Understanding the evolution of the two “dominant design” LAN protocols of the 1970’s and 1980’s, TCP/IP and OSI, dictated the rationale for whom I interviewed and the subsequent reconstruction of the early history of computer communications. There were other protocols that played important roles, particularly the protocols of Xerox that influenced the evolution of DARPA’s TCP/IP. (I discuss the Xerox Network Systems (XNS) suite of protocols and its predecessor PARC Universal Packet (PUP, or Pup) protocols with Yogen Dalal in our interview. DECnet was innovated within DEC, and first released in 1975. Herein I discuss is innovation with its author Stuart Wecker. The integration of DECnet into DEC’s VAX line of computers would transform DEC into a networking market leader in the 1980’s. IBM released its Systems Network Architecture (SNA) in the early 1970’s, and while undoubtedly important, evolved independently until the late 1980’s when market dynamics forced alignment with OSI. The decisions within IBM are given cursory review within the Robert Donnan and Daniel Warmenhoven interviews.
In this interview, Stuart Wecker describes his arrival at Digital Equipment Corporation (DEC) and his work with a variety of networking products: including the Digital Data Communications Message Protocol (DDCMP) and the DECnet networking architecture. Wecker recalls the strong influence of Donald Davies, Derek Barber, and Bob Metcalfe on his thinking, as well as the precedents of the American Arpanet and French Cyclades networks. Wecker contrasts the peer-to-peer design of DECnet to the hierarchical design of IBM’s Systems Network Architecture, and establishes how this peer-to-peer strategy was defined before the design and marketing of DEC’s VAX line in the mid-1970s. Wecker also reflects on related technical issues, including DEC’s approach to routing and congestion control, integration with Ethernet technologies, and the combination of datagram and virtual circuit approaches within DECnet.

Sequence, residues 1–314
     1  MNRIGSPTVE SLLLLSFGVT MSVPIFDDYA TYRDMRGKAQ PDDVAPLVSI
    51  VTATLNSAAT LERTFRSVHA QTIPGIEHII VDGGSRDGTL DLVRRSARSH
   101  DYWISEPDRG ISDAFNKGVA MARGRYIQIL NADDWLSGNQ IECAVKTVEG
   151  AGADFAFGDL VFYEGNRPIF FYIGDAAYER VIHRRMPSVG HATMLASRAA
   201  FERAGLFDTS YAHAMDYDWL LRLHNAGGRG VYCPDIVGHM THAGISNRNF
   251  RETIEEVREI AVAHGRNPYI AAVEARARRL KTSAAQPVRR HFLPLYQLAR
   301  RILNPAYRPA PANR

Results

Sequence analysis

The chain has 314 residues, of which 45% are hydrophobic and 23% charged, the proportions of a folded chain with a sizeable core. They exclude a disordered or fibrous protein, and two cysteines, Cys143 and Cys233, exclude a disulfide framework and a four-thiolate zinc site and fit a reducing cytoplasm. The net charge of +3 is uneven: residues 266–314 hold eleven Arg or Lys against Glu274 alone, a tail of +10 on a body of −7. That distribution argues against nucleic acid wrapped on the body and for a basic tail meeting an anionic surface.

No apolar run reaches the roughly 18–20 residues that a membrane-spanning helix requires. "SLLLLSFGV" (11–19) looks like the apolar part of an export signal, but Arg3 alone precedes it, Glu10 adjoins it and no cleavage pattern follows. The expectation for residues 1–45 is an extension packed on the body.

I was unaware of the importance of Stuart Wecker until my interview with Gordon Bell. When I reached Stu, he had left DEC and had become President of Technology Concepts in Sudbury, MA. I will always remember the red brick walls typical of a cotton-weaving mill and the unusual number of interruptions that I attribute to his new role in a new organization. This interview became a technical discussion of his networking philosophies and the uniqueness of DECnet. I felt his generous gift of time was our early realization that we had both gone to: Rensselaer Polytechnic Institute (RPI).
Keywords: Digital Equipment Corporation (DEC), communication protocols, DECnet, Arpanet, VAX, peer-to-peer architecture